Zoom out from the battlefield, and the climate impact of the Ukraine war is more nuanced.
Energy politics are one of the key reasons behind the war in Ukraine, and Europe has responded to Russia’s aggression by pledging to replace Russian gas with renewables. Those decisions will help set Europe on a low-carbon path and indeed, heat pump sales have exploded in Europe while energy consumption has gone down on the strength of a curiously warm European winter.
Those are positive trends, but even a thoroughly data-driven estimate on Ukraine emissions doesn’t account for the war’s far-reaching geopolitical effects that impact the climate.
American and European participation in Ukraine has put China on guard over its claim to sovereignty in Taiwan. The United States has promised to commit armed forces to Taiwan if China were to launch an incursion on the island and in light of America’s commitment to Ukraine, there’s an increased awareness in Beijing that the potential for conflict is real.
Consequently, China has ramped up its military exercises around the island of Taiwan. Those exercises will entail unreported emissions, as will the American shows of force that have and will come in response.
Wars have many unintended consequences, and local climate solutions are one of them.
From the rubble in Ukraine, one company is trying to recycle some of the millions of tons of concrete waste produced by widespread shelling. They’re expecting a shipment of new solar-powered cement separators developed in the Netherlands that could put a dent in demand for new cement.
On-the-ground efforts like these are an admirable show of human hardiness, but obviously won’t come close to tapering the carbon intensity of an increasingly militarized planet. Bringing military emissions down will ultimately depend on getting countries to decarbonize without feeling that they are setting themselves up to be taken advantage of by geopolitical foes.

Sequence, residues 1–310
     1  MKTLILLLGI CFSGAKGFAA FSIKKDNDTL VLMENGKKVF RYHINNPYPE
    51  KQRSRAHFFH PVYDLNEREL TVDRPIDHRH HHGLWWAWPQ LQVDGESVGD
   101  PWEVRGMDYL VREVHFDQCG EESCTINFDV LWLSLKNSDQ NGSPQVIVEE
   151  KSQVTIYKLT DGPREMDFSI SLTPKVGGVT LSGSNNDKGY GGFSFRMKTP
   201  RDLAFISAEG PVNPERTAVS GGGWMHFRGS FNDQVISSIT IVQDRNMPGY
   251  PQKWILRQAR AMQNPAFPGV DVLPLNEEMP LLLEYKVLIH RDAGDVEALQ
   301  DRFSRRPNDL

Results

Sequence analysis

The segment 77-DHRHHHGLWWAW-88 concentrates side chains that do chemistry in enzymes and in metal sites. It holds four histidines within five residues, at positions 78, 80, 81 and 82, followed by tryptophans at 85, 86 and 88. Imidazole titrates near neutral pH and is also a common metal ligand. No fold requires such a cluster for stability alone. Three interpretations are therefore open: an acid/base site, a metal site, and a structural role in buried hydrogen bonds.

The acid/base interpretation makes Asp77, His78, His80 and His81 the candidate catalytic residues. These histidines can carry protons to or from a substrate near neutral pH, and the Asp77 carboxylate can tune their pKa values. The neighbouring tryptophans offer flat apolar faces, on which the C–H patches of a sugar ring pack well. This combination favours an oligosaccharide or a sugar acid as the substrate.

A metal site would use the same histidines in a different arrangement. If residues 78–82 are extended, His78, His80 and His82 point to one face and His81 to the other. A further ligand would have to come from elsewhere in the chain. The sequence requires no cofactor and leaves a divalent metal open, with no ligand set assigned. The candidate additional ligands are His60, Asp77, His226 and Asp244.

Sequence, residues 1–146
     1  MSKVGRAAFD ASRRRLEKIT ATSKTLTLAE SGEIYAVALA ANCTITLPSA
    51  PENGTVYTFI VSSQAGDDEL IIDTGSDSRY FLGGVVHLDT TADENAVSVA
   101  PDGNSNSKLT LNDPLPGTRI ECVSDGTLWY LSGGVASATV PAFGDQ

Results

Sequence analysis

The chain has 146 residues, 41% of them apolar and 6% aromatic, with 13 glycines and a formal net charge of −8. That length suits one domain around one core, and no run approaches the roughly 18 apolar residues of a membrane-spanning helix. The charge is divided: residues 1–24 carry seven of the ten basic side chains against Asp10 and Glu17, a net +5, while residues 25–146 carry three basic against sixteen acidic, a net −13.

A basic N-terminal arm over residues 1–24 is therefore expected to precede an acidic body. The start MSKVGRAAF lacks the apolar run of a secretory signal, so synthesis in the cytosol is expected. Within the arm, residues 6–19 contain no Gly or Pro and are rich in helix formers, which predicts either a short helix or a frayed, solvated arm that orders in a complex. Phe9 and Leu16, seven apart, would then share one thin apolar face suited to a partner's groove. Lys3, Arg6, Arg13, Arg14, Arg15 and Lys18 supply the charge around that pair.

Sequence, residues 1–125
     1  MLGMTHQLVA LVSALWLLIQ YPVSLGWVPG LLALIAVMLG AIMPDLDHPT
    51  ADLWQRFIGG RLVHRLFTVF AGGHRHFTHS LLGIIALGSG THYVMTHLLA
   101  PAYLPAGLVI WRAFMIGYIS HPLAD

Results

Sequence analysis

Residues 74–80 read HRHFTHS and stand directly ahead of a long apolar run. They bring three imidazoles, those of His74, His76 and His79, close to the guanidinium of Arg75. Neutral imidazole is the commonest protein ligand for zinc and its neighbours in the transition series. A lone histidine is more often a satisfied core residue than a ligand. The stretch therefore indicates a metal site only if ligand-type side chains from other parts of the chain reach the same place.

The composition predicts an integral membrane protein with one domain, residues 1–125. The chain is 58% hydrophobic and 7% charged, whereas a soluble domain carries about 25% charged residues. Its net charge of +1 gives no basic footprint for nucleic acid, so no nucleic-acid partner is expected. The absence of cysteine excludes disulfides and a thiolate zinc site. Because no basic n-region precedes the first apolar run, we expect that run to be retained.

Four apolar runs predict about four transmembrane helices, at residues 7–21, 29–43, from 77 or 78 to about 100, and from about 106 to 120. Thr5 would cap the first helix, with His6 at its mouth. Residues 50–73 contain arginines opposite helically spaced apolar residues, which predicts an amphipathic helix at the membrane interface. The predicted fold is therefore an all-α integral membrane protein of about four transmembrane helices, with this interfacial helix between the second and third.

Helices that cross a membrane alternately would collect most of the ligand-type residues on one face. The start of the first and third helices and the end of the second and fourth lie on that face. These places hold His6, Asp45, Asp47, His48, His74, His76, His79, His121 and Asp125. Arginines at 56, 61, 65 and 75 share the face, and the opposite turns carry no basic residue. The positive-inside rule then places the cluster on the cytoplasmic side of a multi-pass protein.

One solution might lie in recent history.
Throughout the Atomic Age, the prospect of nuclear war threatened to annihilate the human population if it was ever carried out. One of the principal reasons the threat never materialized was that the United States and USSR understood the endgame of a nuclear exchange would be mutually assured destruction for both sides.
If there’s one thing this week’s IPCC report makes clear, it's that carrying on on our current path will create an unstable climate for every corner of the globe. The ensuing destruction for all nations will lock in more global conflicts and wars, each rendering further devastation and contributing to the climate crisis.
Seen this way, carbon-intensive military maneuvers are in direct conflict with near-term security goals for everyone involved. Every militarized conflict resolved diplomatically avoids carbon emissions that would otherwise contribute to the resource wars of the future.
A more straightforward first step might also be simply pledging to disclose the true extent of military emissions. Doing either or both would help keep emissions scenarios in closer touch with reality and could also provide the world’s militaries with an incentive to innovate in climate tech.